BORN: Wojo’s first season a success despite record

Every Marquette basketball fan knew what this season meant for the men’s program. It was going to be a rough season with a new coaching staff and just one recruit from former head coach Buzz Williams’ class sticking around through the coaching change. Coach Steve Wojciechowski had a lot of work to do, and it was going to be trial by fire for the rookie staffer.

But with the season finished, despite having the worst winning percentage since 1990-91, Wojciechowski’s season should be viewed as a success.

The biggest victory Wojciechowski achieved this season was that he laid a solid foundation for the program, both through recruiting new talent and developing current underclassmen. Wojciechowski landed Henry Ellenson, a five-star recruit, and added four other four-star recruits in Matt Heldt, Hannif Cheatham, Sacar Anim and Traci Carter. Carter and Anim committed to Marquette after Nick Noskowiak was asked to be released from his national letter of intent.

Being able to not only replace a four-star recruit with another, but add a second recruit of the same value toward the end of the signing process showed how successful Wojciechowski can be on the recruiting trail.

Wojciechowski also did a great job of molding the young players he had on the current roster, even though he wasn’t the coach that recruited them. Redshirt freshman Duane Wilson was one of the best freshmen Marquette has seen and has a lot of potential under Wojciechowski’s tutelage. He was the second-leading scorer on the roster and is a versatile player.

Sandy Cohen III was the only player from Williams’ final recruiting class to stay, and while he certainly was a raw recruit, he developed nicely through Wojciechowski’s first year. Cohen averaged 15 minutes per game as a freshman, and Wojciechowski did a good job of keeping Cohen out of situations where he was doomed to fail. Cohen was used less and less in the closing games of the season, but Wojciechowski made sure to build the confidence of the freshman to be successful for his future years with the program.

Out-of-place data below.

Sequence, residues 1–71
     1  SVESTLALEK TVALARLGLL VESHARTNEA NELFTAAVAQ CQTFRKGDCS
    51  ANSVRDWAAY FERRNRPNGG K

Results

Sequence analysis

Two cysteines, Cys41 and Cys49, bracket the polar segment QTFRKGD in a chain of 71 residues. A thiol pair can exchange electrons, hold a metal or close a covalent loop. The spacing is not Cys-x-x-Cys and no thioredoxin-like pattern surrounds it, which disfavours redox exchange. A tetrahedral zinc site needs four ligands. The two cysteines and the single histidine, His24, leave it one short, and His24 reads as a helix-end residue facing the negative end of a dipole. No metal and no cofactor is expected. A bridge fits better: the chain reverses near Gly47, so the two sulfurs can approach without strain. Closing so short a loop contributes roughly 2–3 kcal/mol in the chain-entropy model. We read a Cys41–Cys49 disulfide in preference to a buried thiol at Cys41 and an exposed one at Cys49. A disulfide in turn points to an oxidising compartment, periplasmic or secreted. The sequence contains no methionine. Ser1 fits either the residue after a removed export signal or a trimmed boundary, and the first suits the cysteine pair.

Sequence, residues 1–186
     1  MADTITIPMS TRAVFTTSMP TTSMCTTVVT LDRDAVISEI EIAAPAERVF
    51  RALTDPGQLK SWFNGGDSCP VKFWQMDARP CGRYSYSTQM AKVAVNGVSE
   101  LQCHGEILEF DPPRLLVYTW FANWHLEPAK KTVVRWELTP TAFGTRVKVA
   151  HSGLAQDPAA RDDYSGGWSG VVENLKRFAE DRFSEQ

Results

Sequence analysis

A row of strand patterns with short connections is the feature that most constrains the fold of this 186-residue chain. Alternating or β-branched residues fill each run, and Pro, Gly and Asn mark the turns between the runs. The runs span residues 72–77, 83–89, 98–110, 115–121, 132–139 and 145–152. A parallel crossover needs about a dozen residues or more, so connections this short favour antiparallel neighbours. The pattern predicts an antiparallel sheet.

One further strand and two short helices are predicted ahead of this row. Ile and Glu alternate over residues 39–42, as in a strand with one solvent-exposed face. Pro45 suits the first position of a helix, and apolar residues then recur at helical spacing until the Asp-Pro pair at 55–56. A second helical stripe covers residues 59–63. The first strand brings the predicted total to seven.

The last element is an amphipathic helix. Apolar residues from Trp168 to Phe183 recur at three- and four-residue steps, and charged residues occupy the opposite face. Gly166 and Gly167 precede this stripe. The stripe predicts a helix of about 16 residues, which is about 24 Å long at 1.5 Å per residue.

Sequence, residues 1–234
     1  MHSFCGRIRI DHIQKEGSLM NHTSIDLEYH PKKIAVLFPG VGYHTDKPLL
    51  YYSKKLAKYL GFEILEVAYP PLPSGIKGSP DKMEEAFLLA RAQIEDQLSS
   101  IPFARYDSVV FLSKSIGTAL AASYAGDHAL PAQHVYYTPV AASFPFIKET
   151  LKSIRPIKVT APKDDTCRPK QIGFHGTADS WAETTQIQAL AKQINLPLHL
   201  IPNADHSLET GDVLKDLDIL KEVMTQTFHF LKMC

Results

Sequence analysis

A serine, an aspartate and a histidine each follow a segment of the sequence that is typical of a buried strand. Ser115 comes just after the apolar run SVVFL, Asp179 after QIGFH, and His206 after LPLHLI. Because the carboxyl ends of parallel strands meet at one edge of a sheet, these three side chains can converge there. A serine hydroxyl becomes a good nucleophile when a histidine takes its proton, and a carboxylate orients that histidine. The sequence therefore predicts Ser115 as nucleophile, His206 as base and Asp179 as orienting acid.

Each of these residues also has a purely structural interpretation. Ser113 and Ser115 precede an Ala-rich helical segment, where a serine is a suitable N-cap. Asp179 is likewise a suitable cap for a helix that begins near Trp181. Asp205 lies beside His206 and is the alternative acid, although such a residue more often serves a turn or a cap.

While laying a solid foundation for his program to build off of, Wojciechowski also handled his fair share of adversity. During the year, Wojciechowski saw his already small roster shrink from 10 to eight players when Deonte Burton and John Dawson transferred in December. From there, the team added walk-on Pete Thaus before parting ways with him and bringing on Mike and Matt Mache. Wojciechowski, knowing the small roster couldn’t handle it, completely switched from man-to-man to zone defense, something he did not want to employ. And when Matt Carlino and Juan Anderson couldn’t play due to injury, he made the most of trying to be competitive with only six scholarship players.

Wojciechowski still has areas to work on. Some Big East games should have been won, especially early in conference play, and coaching plays a part of that. He also didn’t always employ the best pairings on the court. But overall, Wojciechowski was more than serviceable in his first season as a head coach. With a couple more years and a chance to play “his guys,” Wojciechowski can be one of the best coaches in the nation, with a national powerhouse of a team.